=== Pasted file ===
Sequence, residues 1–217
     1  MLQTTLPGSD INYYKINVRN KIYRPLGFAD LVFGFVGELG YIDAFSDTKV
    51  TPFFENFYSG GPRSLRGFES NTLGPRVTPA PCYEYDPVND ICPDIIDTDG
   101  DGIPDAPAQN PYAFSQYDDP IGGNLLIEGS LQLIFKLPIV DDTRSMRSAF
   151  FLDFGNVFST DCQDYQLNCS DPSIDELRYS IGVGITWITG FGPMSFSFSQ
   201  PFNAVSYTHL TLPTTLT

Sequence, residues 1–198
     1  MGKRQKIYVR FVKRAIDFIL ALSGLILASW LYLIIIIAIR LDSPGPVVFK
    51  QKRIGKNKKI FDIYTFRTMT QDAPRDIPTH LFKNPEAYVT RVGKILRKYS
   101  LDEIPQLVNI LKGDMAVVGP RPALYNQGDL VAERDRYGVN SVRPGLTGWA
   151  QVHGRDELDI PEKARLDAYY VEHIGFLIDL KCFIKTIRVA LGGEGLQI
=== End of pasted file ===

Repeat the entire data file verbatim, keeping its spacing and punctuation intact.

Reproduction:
Sequence, residues 1–217
     1  MLQTTLPGSD INYYKINVRN KIYRPLGFAD LVFGFVGELG YIDAFSDTKV
    51  TPFFENFYSG GPRSLRGFES NTLGPRVTPA PCYEYDPVND ICPDIIDTDG
   101  DGIPDAPAQN PYAFSQYDDP IGGNLLIEGS LQLIFKLPIV DDTRSMRSAF
   151  FLDFGNVFST DCQDYQLNCS DPSIDELRYS IGVGITWITG FGPMSFSFSQ
   201  PFNAVSYTHL TLPTTLT

Sequence, residues 1–198
     1  MGKRQKIYVR FVKRAIDFIL ALSGLILASW LYLIIIIAIR LDSPGPVVFK
    51  QKRIGKNKKI FDIYTFRTMT QDAPRDIPTH LFKNPEAYVT RVGKILRKYS
   101  LDEIPQLVNI LKGDMAVVGP RPALYNQGDL VAERDRYGVN SVRPGLTGWA
   151  QVHGRDELDI PEKARLDAYY VEHIGFLIDL KCFIKTIRVA LGGEGLQI